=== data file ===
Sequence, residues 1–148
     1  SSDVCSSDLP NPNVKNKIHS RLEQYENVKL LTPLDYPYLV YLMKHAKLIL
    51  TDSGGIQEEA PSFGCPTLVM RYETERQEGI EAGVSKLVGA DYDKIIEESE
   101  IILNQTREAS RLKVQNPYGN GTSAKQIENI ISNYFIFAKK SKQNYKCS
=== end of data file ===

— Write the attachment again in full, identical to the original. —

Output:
Sequence, residues 1–148
     1  SSDVCSSDLP NPNVKNKIHS RLEQYENVKL LTPLDYPYLV YLMKHAKLIL
    51  TDSGGIQEEA PSFGCPTLVM RYETERQEGI EAGVSKLVGA DYDKIIEESE
   101  IILNQTREAS RLKVQNPYGN GTSAKQIENI ISNYFIFAKK SKQNYKCS